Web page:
March 14th, 2009
So you are about to start fishing. First things first, you need to bait your hook. Do you know the correct way to bait you hook? Below are some tips that will help you attract and catch more fish by simply baiting your hook better.
Firstly, you need to use sharp hooks. Buy new hooks frequently and replace your old ones. If you keep your hook on the line for a long period of time you should sand the point to keep it nice and sharp. Try to buy the best hooks you can (if you buy the cheapest you may save a few dollars but in the long run is it worth it?).
Hooks vary in size, shape and color so go for the hook that is best for the fish you are targeting. If you’re not sure, ask the people in your local fishing store. Some fish are supposedly attracted to red hooks (some sand varieties of fish target bloodworms and can be attracted to the red color of the hook) but a plain silver hook will usually do.
So you are ready to bait your hook. It sounds very easy but are you really baiting your hook correctly? Below are some common bait varieties and suggested ways to apply them to your hook.
1) Shrimp (prawn) should be put on the hook tail first and so the body of the shrimp curls up into the shape of the hook. Most people bait shrimp the other way (head first) but this will cause the shrimp to fall off more easily. Try to keep the hook entirely in the shrimp when threading through. Most fish species don’t mind if the shell is left on. Some people believe in de-shelling the shrimp but this takes time and often makes them soggy and they may fall off the hook easier. You can take the head off the shrimp as this often makes the shrimp too big to fish with if left on (and as an added bonus you can add the heads of the shrimps to your burley bucket to attract more fish)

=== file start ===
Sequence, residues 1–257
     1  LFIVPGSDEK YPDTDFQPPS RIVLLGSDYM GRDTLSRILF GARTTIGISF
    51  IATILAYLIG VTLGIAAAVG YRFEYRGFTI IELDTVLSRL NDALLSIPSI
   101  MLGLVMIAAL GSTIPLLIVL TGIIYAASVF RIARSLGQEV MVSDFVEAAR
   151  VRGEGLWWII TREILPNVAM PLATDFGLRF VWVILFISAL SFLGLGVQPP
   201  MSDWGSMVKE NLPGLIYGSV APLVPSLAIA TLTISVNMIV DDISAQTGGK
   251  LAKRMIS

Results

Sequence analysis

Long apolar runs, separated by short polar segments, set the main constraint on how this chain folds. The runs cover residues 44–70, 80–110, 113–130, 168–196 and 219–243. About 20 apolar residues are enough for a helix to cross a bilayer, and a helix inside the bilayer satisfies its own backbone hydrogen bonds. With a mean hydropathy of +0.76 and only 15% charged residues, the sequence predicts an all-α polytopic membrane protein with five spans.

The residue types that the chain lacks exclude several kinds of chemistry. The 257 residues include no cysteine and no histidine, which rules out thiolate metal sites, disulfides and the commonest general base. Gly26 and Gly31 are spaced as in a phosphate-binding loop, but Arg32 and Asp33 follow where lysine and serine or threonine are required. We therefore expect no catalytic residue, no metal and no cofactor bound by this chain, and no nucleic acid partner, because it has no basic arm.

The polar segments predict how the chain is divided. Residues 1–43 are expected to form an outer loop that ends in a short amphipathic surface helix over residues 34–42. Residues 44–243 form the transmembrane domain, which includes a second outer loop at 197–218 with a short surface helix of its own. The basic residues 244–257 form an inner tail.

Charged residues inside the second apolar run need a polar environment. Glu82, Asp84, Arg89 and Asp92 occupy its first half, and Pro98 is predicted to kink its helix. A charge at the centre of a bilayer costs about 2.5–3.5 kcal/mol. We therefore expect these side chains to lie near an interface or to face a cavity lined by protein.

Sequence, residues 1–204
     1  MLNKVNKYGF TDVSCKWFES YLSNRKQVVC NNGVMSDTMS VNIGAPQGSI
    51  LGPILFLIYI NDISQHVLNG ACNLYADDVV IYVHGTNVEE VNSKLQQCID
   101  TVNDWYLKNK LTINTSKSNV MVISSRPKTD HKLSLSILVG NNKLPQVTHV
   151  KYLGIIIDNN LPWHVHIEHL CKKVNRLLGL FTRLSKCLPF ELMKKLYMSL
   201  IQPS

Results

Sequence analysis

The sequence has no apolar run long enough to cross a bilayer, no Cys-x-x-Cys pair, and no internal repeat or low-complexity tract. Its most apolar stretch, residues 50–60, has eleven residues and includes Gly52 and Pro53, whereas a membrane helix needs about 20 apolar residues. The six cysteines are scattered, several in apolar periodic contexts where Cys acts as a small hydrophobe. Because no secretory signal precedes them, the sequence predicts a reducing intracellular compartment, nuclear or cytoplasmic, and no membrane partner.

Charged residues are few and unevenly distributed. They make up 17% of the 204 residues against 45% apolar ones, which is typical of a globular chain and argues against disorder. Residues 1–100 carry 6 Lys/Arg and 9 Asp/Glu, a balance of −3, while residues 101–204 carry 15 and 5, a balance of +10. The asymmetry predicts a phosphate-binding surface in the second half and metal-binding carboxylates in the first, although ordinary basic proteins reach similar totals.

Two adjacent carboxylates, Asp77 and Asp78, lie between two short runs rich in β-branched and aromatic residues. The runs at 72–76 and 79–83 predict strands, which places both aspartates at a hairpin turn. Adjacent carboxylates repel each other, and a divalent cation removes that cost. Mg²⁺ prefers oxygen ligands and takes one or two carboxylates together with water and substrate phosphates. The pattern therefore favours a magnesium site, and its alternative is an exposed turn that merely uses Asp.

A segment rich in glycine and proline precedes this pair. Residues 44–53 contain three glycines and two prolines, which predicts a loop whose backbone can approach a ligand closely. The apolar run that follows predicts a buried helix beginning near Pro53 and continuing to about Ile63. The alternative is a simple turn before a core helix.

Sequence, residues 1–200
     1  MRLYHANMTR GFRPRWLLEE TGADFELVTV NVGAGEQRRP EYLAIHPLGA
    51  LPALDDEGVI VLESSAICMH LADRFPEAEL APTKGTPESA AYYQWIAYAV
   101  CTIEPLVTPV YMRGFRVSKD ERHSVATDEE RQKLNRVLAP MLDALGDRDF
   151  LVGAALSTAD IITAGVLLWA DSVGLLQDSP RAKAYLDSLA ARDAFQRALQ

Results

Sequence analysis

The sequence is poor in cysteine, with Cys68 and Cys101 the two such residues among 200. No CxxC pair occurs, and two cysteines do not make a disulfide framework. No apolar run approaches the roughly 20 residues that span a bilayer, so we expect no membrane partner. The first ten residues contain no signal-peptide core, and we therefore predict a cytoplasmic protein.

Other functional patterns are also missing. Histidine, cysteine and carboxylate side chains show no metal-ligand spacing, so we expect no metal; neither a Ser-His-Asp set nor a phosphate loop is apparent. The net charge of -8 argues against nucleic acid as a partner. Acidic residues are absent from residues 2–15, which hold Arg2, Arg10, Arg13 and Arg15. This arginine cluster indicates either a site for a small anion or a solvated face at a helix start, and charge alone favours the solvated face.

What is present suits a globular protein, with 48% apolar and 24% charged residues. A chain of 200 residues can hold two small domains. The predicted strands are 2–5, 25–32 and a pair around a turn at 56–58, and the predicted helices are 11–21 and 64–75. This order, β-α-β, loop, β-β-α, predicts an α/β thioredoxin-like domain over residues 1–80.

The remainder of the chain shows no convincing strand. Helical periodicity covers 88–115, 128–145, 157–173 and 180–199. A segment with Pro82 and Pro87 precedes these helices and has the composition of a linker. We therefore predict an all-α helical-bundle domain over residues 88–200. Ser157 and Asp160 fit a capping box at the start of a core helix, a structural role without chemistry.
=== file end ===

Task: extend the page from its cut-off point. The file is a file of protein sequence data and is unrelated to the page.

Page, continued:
2) Octopus should be baited using the tentacles foremost so they cover the hook. As with the prawn the octopus should thread over the hook to disguise it.
3) Squid is a good bait as it is hardy, easy to place on a hook and is hard for nibbling fish to nibble off. Just thread the squid over the hook and once again try to disguise the hook with the bait. Also try to use the softer parts of the squid body as some fish may not like the harder parts found near the head.
4) White bait, Mulie or any other small fish really needs to be hooked with a gang of hooks (at least 3 hooks in a row) otherwise they simply slide off the hook.
So next time you are baiting your hook, take the time to try to disguise your hook and make sure that the bait sticks on your hook securely. This will help you catch more fish and save you time as you will not have to keep replacing your bait.